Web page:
Science & Technology


Brain Cells More Powerful Than You Think

The human brain constantly sorts through its 1 trillion cells, looking for perhaps only one or a handful of neurons to carry out a particular action, a trio of new studies says.

The research, conducted with rodents and published in the Dec. 20 issue of Nature, could rewrite the textbooks on just how important individual brain cells or cell clusters are to the working mind.

Before these insights, "The thinking was that very large ensembles of neurons [brain cells] had to be activated at some point for the animal to feel or perceive" a stimulus, explained the senior researcher of two of the studies, Karel Svoboda, a group leader at the Howard Hughes Medical Institute in Ashburn, Va.

Why Deep-Diving Mammals Don't Black Out

Some seals and dolphins can hold their breath underwater for a cheek-popping hour or more without passing out from lack of oxygen.

Definitely don't try this at home. Humans can't make it more than a few minutes without breathing (at least without some sci-fi device).

The secret to the superhero animal feat is elevated levels of special oxygen-carrying proteins found in their brains, a new study reveals. But the research leaves puzzles.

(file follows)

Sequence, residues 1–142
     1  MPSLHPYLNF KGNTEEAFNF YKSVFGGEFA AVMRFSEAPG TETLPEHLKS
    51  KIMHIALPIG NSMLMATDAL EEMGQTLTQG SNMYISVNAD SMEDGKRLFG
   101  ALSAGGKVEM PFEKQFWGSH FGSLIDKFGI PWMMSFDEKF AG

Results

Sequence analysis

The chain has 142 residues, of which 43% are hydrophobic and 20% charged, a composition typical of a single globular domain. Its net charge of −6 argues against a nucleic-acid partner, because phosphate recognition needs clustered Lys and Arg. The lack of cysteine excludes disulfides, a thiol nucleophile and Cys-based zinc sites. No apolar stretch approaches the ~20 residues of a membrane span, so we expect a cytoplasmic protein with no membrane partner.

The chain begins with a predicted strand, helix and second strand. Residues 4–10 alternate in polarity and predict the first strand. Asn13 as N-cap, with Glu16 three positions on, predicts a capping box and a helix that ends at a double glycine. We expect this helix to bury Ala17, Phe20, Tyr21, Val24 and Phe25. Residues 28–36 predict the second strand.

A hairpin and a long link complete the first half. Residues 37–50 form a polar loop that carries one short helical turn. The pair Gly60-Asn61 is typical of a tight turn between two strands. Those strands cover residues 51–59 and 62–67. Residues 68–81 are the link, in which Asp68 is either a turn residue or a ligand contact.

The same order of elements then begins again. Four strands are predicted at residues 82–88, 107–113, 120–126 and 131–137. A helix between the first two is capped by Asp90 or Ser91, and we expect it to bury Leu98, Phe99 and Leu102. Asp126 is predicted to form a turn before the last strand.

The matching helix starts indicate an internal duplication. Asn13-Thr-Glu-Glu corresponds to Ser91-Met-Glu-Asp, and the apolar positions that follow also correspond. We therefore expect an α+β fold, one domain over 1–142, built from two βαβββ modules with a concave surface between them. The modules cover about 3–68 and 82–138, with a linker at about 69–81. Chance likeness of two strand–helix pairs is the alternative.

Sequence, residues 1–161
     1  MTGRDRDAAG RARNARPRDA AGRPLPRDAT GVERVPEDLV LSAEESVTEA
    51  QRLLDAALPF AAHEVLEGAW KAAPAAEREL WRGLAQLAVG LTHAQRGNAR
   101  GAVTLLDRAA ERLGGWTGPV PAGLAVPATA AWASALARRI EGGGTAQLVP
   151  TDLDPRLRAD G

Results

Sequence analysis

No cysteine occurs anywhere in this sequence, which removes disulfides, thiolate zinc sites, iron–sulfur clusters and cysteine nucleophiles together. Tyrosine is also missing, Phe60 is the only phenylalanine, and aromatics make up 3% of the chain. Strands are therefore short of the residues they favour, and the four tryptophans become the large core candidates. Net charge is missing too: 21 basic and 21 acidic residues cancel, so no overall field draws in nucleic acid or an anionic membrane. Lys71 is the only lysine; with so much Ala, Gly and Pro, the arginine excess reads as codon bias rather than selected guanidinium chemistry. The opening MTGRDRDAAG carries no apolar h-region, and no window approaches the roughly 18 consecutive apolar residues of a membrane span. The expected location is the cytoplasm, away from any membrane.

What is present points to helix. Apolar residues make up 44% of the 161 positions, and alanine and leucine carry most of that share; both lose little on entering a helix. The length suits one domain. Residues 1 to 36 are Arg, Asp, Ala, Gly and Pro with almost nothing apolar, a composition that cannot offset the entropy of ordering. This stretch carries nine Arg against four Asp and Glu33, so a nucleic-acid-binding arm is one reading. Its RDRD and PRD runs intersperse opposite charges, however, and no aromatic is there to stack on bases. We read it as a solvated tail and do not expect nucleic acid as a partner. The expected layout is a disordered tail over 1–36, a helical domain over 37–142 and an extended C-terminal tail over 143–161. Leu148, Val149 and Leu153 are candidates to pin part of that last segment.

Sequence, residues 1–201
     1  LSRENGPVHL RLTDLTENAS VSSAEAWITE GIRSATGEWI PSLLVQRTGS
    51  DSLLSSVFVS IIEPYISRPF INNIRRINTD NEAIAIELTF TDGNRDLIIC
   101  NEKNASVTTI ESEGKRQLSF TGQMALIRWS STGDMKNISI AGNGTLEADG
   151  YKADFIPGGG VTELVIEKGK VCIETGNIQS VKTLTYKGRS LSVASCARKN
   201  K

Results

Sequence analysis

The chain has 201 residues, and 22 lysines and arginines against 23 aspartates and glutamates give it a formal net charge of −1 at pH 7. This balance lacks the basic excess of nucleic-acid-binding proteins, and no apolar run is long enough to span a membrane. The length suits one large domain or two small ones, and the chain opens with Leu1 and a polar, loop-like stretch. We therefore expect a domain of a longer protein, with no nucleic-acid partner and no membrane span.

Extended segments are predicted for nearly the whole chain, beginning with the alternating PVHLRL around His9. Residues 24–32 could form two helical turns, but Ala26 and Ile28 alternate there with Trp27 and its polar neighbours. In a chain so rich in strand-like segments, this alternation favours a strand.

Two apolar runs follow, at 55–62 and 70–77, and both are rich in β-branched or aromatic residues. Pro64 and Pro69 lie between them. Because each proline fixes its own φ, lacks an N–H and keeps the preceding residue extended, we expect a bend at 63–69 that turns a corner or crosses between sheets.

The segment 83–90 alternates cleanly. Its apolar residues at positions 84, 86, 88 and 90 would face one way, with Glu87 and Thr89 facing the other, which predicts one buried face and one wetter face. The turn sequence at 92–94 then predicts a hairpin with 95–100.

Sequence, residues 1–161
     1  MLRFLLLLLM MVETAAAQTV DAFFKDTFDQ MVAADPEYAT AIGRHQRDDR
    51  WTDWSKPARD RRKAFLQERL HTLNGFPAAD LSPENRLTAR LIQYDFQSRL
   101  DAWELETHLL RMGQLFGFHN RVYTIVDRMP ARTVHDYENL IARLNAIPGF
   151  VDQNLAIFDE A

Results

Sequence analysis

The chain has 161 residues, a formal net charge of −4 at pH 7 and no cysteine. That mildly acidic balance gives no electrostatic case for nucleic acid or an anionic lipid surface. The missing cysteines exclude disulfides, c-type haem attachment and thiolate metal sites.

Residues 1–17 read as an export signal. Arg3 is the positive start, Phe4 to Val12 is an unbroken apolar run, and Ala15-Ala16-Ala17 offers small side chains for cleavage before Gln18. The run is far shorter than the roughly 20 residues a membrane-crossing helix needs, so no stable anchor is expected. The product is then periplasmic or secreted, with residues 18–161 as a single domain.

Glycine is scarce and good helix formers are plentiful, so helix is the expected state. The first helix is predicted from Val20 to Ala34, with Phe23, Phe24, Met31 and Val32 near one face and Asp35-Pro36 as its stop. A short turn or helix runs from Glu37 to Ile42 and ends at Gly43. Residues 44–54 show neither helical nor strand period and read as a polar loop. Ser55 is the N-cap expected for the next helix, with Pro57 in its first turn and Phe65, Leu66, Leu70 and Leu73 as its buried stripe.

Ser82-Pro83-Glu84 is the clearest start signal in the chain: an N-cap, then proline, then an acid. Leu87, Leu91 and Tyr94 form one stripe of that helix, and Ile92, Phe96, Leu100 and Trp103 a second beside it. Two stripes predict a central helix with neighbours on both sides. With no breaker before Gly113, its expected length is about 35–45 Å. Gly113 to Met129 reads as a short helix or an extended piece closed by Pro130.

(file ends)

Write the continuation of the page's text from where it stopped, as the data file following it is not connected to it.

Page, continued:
Scientists have long wondered why marine mammals, such as dolphins, whales, Weddell seals and sea otters, are so tolerant of such low oxygen conditions. The simplest explanation had been that they evolved adaptations to boost oxygen delivery to the brain. But studies have shown that the oxygen levels in their blood vessels plummeted within minutes of dipping beneath the water's surface.

©T. M. Williams/UCSC
Beau Richter monitors the breath-holding cabability of Puka, a bottlenose dolphin at UC Santa Cruz's Long Marine Laboratory. Researchers found some marine mammals may be able to endure low oxygen levels due to enhanced amounts of proteins called globins in their brains.

Bamboo road bridge can support 16-tonne trucks

Bridges built from bamboo instead of steel could provide a cheaper, more environmentally sustainable engineering solution in China, a recent experiment suggests.

A novel type of bridge with horizontal beams made from a bamboo composite proved strong enough to support even heavy trucks in tests. The bamboo beams are cheaper and more environmentally friendly to make than steel or concrete, yet offer comparable structural strength.

Yan Xiao, who works at the University of Southern California, in Los Angeles, US, and at Hunan University in China, led the development of the bamboo beams used to make the bridge.

Instead of using round, pole-like pieces of unprocessed bamboo, which have been used as building material for many thousands of years, he came up with a way of assembling timber-like beams from many smaller strips of bamboo.

©University of Southern California
The novel bridge with horizontal beams made from a bamboo composite proved strong enough to support even heavy trucks

Deer-like fossil is a missing link in whale evolution

A racoon-sized mammal which lived in India about 48 million years ago, may represent one of the missing links in whale evolution, suggests a new fossil study.